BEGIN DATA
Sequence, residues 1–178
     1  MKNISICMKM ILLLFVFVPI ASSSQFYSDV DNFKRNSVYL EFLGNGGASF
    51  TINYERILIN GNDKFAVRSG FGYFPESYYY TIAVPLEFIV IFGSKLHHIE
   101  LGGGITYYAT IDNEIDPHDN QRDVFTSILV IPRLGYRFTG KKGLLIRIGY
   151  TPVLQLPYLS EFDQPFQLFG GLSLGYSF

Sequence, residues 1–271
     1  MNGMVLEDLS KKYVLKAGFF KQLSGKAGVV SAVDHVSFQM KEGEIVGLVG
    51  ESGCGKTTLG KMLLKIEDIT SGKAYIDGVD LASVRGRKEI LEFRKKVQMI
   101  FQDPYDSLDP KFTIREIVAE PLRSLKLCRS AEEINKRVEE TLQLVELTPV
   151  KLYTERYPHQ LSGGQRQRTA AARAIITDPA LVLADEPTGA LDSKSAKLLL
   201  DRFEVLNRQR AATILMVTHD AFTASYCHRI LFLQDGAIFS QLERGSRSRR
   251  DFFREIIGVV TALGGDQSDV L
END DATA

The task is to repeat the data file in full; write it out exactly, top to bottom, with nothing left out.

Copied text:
Sequence, residues 1–178
     1  MKNISICMKM ILLLFVFVPI ASSSQFYSDV DNFKRNSVYL EFLGNGGASF
    51  TINYERILIN GNDKFAVRSG FGYFPESYYY TIAVPLEFIV IFGSKLHHIE
   101  LGGGITYYAT IDNEIDPHDN QRDVFTSILV IPRLGYRFTG KKGLLIRIGY
   151  TPVLQLPYLS EFDQPFQLFG GLSLGYSF

Sequence, residues 1–271
     1  MNGMVLEDLS KKYVLKAGFF KQLSGKAGVV SAVDHVSFQM KEGEIVGLVG
    51  ESGCGKTTLG KMLLKIEDIT SGKAYIDGVD LASVRGRKEI LEFRKKVQMI
   101  FQDPYDSLDP KFTIREIVAE PLRSLKLCRS AEEINKRVEE TLQLVELTPV
   151  KLYTERYPHQ LSGGQRQRTA AARAIITDPA LVLADEPTGA LDSKSAKLLL
   201  DRFEVLNRQR AATILMVTHD AFTASYCHRI LFLQDGAIFS QLERGSRSRR
   251  DFFREIIGVV TALGGDQSDV L